Abigail rolled over and swam belly to belly with Kiwi, a large adult male who had formed a tight bond with Boscoe, another male. The two males normally swam in synchronization, their movements an astonishing underwater ballet. Boscoe curved his body in the exact motion at precisely the same time as Kiwi and swam close to Abigail as the three of them made a lazy loop together while several other dolphins danced in a long curving circle as if they had choreographed every move ahead of time.

Dancing with dolphins was exhilarating. Abigail studied, photographed and recorded dolphins, but tonight she was simply enjoying them. Her equipment, always with her, was nearly forgotten as they performed the strange, intriguing ballet for the next forty minutes. At first the red of the sinking sun spotlighted them in a fiery gold, but as dusk fell and the night darkened, it was much too difficult to continue as much as she wanted to stay.

Reluctantly, Abigail pointed to the surface and shifted position to begin her ascent. The dolphins swam around her in loose circles, their bodies flexible, unimpeded by their heavy muscles and enormous strength. It was surprising how the dolphins could rocket through the water, diving as deep as they did and using so little oxygen. Abigail found them fascinating.

She surfaced, pushing her mask on top of her head and lying back to float as she stared up at the big round ball in the sky. Her soft laughter echoed across the water. Waves lapped at her body and splashed over her face. She allowed her legs to gently sink so she could tread water as she stared in awe at the white caps, turned into sparkling jewels by the brilliance of the full moon.

Beside her, a bottlenose dolphin surfaced, circling her in a graceful loop. The dolphin shook its head from side to side, emitting a series of squeaks and clicks. She struck out for her boat, a lazy crawl, whistling to the dolphins in a short, chirpy goodbye she always used.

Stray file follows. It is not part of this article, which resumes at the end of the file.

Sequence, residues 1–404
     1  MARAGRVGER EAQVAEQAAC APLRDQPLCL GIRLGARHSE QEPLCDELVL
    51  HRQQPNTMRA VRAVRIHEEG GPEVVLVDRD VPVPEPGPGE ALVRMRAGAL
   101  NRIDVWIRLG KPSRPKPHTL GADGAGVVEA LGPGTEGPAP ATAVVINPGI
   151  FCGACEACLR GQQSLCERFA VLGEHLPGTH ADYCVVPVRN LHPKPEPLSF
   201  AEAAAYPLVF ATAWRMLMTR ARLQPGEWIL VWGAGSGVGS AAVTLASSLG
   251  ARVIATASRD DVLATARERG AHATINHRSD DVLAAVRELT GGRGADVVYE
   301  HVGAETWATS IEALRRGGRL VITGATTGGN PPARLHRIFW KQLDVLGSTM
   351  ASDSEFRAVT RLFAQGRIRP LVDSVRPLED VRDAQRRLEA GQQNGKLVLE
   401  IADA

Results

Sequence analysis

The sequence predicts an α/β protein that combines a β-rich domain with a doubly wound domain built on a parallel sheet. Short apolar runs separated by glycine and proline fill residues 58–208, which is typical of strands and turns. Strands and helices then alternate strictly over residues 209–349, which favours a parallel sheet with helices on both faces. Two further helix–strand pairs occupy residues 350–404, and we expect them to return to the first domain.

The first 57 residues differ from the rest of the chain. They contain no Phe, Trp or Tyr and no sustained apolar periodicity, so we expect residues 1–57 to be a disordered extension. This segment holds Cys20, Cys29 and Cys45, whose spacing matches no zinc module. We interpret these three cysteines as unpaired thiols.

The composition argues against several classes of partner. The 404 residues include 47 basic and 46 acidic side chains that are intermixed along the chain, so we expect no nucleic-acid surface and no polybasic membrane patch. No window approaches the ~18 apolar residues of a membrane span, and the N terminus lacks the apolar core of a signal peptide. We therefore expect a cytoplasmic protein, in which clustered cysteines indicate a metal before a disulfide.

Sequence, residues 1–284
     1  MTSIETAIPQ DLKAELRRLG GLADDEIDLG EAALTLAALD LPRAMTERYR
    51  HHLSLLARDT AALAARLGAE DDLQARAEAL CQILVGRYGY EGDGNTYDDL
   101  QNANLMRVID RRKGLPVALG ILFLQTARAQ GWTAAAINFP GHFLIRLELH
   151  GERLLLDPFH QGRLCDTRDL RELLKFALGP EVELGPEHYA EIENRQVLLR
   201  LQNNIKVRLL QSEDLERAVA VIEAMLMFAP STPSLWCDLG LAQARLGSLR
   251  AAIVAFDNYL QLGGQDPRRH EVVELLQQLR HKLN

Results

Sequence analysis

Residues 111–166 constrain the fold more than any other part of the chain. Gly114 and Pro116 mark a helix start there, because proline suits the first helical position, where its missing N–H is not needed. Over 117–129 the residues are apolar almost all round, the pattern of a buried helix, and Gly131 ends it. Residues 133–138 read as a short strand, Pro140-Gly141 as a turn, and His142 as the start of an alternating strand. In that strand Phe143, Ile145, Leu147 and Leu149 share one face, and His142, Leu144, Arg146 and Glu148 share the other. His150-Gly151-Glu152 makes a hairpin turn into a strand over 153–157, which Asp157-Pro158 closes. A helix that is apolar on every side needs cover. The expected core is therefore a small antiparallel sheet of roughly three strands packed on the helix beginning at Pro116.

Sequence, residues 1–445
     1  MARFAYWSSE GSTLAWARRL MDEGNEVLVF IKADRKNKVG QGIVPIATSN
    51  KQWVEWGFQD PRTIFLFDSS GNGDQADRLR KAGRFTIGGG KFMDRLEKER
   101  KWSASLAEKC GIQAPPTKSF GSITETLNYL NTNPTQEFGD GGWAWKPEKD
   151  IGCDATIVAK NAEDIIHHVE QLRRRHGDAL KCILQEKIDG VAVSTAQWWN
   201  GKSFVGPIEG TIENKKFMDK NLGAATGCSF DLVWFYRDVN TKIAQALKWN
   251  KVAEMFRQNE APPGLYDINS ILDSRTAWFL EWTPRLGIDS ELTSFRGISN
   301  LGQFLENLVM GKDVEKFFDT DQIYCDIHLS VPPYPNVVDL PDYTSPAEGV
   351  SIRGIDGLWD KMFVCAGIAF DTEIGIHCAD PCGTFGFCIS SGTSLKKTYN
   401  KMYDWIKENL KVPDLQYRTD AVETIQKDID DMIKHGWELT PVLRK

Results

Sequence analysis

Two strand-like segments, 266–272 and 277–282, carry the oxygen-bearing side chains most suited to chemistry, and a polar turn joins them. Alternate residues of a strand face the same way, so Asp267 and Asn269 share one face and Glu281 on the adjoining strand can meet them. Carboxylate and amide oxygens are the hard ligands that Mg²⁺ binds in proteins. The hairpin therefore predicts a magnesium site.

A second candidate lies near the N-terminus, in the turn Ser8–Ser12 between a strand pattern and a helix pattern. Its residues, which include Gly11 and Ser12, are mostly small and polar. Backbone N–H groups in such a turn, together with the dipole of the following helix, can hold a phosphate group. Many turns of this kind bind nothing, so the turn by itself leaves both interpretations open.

It took only a few minutes to stow her camera and recorder before climbing in. Shivering, she again glanced at her watch. Her sisters would be very worried and she was in for a lecture she knew she deserved. The dolphins poked their heads out of the water, grinning at her, round black eyes shining with intelligence.

"I'm going to get in big trouble thanks to you two," she told the males.

They shook their heads at her in perfect synchronization and dove together, disappearing beneath the surface only to come up on the other side of her boat, whistling and squawking at her. Abigail shook her head just as firmly. "No! It's dark or it would be if the moon weren't so full. You two are really trying to get me one of Sarah's lectures. When she starts, the rest of us cringe."

While she had everything fresh in her mind, she sank down onto the cushioned seat and hastily scribbled notes on her observations. She recorded everything to look at later, but she always dictated while she was driving the boat after first jotting down details of sightings and any identifying marks of new dolphins in the area. It was important to her study to get DNA samples to test for pesticides and any other manmade toxins in the dolphins systems as well as for communicable diseases and of course, family ties.